Always a popular component of trade talks, Stanton’s name may soon get removed from such reports. According to The Boston Globe’s Nick Cafardo, the outfielder’s stellar season may convince the stingy owner to finally open his wallet:
It seems as if the Red Sox and other teams have finally come to the realization that Stanton isn’t going anywhere. The theme has been repeated constantly by GM Dan Jennings, who really believes that owner Jeffrey Loria will step up and get a deal done even if it’s a Robinson Cano/Albert Pujols type of contract.
That could be a reason why the Red Sox obtained Cespedes, who obviously isn’t as good but has the power and athleticism to improve. This offseason will be telling on the Stanton front. He has a home in Miami and feels the organization is going in the right direction, so, for now, he seems to be all in on staying with the Marlins.
Fueling Miami’s unlikely pursuit of a winning record, the 24-year-old is batting .290/.390/.542 with 26 home runs, 74 RBI and 71 runs. He’s even swiped a career-high 10 bases with a perfect success rate.
More importantly, he’s stayed on the field all year long after battling injuries often throughout his young career. With no obvious choice to take home National League MVP honors, Stanton and his 4.5 fWAR belong in the discussion.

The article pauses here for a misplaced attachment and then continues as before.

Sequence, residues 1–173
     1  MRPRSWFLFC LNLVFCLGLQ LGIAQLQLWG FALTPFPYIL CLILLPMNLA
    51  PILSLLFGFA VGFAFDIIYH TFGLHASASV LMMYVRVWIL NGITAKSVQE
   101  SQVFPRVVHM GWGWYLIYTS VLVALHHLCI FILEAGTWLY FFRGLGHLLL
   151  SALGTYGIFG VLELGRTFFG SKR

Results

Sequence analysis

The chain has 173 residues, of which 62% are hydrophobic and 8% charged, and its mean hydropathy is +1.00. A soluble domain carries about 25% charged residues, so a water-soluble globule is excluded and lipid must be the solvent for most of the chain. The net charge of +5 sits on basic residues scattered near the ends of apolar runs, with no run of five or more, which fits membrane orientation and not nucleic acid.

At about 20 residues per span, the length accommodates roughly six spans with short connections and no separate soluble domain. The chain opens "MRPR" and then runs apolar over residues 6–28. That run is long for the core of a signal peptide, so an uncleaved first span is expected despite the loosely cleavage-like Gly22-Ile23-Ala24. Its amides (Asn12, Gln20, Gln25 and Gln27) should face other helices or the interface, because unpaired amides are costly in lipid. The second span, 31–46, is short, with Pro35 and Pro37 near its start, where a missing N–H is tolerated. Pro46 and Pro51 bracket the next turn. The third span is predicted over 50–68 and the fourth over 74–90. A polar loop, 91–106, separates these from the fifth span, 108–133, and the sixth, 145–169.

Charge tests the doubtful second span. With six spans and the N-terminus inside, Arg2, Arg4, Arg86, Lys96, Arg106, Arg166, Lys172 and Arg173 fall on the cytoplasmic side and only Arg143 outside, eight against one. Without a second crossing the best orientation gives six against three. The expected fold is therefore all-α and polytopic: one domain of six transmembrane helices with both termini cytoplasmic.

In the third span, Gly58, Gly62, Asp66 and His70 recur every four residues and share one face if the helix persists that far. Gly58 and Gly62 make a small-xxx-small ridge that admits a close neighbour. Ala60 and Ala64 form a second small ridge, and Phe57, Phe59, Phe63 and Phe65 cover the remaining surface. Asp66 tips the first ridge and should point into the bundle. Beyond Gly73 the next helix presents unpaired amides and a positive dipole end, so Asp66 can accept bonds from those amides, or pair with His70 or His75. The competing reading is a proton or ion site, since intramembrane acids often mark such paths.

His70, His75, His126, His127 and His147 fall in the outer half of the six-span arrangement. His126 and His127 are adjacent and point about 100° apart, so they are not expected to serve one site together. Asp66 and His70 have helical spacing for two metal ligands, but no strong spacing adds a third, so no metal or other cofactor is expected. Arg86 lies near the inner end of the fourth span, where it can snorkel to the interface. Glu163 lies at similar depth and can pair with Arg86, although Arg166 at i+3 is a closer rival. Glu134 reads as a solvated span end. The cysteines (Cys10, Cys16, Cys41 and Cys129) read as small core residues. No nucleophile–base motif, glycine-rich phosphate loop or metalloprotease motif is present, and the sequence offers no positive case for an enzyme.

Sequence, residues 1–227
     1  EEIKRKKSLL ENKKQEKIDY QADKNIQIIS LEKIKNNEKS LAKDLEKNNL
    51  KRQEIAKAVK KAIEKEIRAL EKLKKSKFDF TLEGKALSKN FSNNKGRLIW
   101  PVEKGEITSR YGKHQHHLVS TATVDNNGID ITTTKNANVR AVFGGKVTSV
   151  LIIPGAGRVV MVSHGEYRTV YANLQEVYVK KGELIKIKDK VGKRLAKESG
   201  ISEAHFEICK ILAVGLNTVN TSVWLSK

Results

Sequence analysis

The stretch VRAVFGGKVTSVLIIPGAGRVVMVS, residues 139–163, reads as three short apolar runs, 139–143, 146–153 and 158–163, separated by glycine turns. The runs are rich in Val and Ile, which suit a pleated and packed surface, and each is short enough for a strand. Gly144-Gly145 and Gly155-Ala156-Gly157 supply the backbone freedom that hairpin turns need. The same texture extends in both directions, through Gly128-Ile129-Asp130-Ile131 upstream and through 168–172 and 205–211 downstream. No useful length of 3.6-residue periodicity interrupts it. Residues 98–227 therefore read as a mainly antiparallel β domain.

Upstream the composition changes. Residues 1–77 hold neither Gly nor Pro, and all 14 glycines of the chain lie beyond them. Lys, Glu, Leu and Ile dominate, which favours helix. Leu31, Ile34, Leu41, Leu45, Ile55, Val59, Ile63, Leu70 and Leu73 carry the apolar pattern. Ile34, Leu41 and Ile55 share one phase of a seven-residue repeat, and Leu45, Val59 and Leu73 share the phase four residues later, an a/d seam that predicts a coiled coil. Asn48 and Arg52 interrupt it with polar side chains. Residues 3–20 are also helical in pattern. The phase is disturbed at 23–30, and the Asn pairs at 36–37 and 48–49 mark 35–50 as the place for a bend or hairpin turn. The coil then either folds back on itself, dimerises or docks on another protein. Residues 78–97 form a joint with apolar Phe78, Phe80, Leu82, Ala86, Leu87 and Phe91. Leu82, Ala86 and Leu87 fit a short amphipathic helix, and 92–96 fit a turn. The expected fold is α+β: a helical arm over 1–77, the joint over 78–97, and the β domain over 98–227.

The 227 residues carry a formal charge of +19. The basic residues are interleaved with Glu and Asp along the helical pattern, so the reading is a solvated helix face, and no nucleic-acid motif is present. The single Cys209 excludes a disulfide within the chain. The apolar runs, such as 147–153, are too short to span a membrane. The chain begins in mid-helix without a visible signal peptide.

Over the past four seasons, Stanton ranks second in homers (121), sixth in slugging percentage (.543) and eighth in weighted runs created (147). In a league enjoying its best pitching in years, the 6’6”, 240-pound masher has emerged as a rare elite power source.
He’ll also enter free agency before his age-27 season, so Loria can’t make the excuse about not wanting to pay a declining star into his late 30s. Seven years after dealing Miguel Cabrera, the Marlins can make amends by keeping their transcendent hitter this time around.
Chicago Cubs "All Ears" on Jon Lester
The Jon Lester saga reached a temporary conclusion on July 31 when the Oakland Athletics surprisingly snagged him in exchange for Yoenis Cespedes. After months of speculating about the ace’s fate, an unexpected move duped us all.
So the only logical thing to do is start all over and determine where the 30-year-old southpaw will sign this offseason.
Perhaps he truly harnesses no hard feelings and returns to the Boston Red Sox, who failed to extend the pitcher who helped them capture two championships. If not, another interesting suitor awaits in the Chicago Cubs. Former Red Sox GM Theo Epstein will target his old employee this winter, according to Cafardo:
Will the Cubs be all ears on him this offseason? That seems to be the buzz around baseball. Lester wasn’t drafted by Jason McLeod, who is now an assistant GM with the Cubs, but by current Detroit scouting director David Chadd. But Theo Epstein nurtured Lester through his tough times, including cancer. Jed Hoyer was also there, as was McLeod. At some point, the Cubs are going to rebuild their pitching staff. Who better than Lester to bring in?
Although the Cubs haven’t won a playoff game since 2003, better days are on the horizon. Anthony Rizzo, Kris Bryant, the recently promoted Javier Baez and the newly acquired Addison Russell are poised to form baseball’s scariest young infield as soon as next season. All they need is the pitching to match.